Although Jane ultimately returns to Rochester at the very end, that does not make her a weak or foolish woman. She actually did gain her independence through clarity of what she really wants and needs in life
Historical Waves
First Wave of Feminism (late 1700s--early 1900s): Writers begin to stress the lack of equality between males and females in their works. During this time period, activists influence the women’s suffrage movement, leading to National Universal Suffrage. In 1920, the Constitution granted American women the right to vote with the passing of the Nineteenth Amendment, thanks to the help of the feminist taking a stand.
Second Wave of Feminism (early 1960s--late 1970s): In 1966, the National Organization for Women was established to encourage feminist political activism. Activists worked to improve working conditions for women in America during World War II.
Third Wave of Feminism (early 1990s--present): Feminists are still working to improve the lives of women today. They continue to promote the importance of women in our society and the value of their work and contribution to our world. During this wave, feminists challenge the over-emphasis of the upper middle-class white woman.
Examples from our reading continued
Wide Sargasso Sea:
Rhys follows Antoinette, who struggles in a male-dominated society and tries making something out of the situation she is in, despite her depression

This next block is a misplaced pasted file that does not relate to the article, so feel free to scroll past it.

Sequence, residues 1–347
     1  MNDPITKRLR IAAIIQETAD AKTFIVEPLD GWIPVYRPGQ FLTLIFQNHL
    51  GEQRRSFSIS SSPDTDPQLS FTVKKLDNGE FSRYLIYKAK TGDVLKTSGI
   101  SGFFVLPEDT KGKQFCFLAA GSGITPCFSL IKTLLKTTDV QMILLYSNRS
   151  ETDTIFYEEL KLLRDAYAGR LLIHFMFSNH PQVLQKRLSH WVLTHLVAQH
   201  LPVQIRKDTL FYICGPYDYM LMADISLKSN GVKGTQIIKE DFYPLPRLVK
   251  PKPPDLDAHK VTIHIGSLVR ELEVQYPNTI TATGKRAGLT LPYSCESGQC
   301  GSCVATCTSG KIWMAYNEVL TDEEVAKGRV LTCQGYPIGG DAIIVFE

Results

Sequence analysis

Antoinette descends into madness as she lives longer and longer with Rochester
In contrast to Jane, Antoinette is constantly suspicious and questioning of following any type of spiritual guidance or connection with God, which inhibits her from being able to attain any sort of independence and liberation from Rochester
Background and Major Proponents
Some of the earliest feminist writers are Christine de Pizan (15th century), Heinrich Cornelius Agrippa, Modesta di Pozzo di Forzi (16th Century), Anne Bradstreet and Francois Poullain de la Barre (17th Century)
Some of the many feminist in history who have fought for equality for women and their works include: Marry Ellman- Thinking about Women, Mary Wollstonecraft- A Vindication of the Rights of Women, Elaine Showalter- A Literature of Their Own & “Toward a Feminist Poetics,” Alice Walker- In Search of Our Mother’s Gardens, and Susan Gubar and Sandra Gilbert- The Madwoman in the Attic.